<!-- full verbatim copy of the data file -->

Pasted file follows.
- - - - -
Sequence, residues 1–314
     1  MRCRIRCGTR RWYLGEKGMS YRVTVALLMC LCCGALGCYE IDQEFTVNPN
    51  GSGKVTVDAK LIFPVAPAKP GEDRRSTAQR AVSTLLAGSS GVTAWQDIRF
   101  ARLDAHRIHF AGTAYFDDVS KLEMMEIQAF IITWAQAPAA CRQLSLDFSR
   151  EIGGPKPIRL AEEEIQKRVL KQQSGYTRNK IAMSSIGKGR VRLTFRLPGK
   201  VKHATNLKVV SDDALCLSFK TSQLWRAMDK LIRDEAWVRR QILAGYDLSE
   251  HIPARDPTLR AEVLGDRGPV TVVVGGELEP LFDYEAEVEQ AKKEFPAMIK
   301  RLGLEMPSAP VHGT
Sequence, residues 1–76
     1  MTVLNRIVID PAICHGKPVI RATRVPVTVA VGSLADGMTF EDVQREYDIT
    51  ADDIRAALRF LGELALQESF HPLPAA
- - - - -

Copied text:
Sequence, residues 1–314
     1  MRCRIRCGTR RWYLGEKGMS YRVTVALLMC LCCGALGCYE IDQEFTVNPN
    51  GSGKVTVDAK LIFPVAPAKP GEDRRSTAQR AVSTLLAGSS GVTAWQDIRF
   101  ARLDAHRIHF AGTAYFDDVS KLEMMEIQAF IITWAQAPAA CRQLSLDFSR
   151  EIGGPKPIRL AEEEIQKRVL KQQSGYTRNK IAMSSIGKGR VRLTFRLPGK
   201  VKHATNLKVV SDDALCLSFK TSQLWRAMDK LIRDEAWVRR QILAGYDLSE
   251  HIPARDPTLR AEVLGDRGPV TVVVGGELEP LFDYEAEVEQ AKKEFPAMIK
   301  RLGLEMPSAP VHGT
Sequence, residues 1–76
     1  MTVLNRIVID PAICHGKPVI RATRVPVTVA VGSLADGMTF EDVQREYDIT
    51  ADDIRAALRF LGELALQESF HPLPAA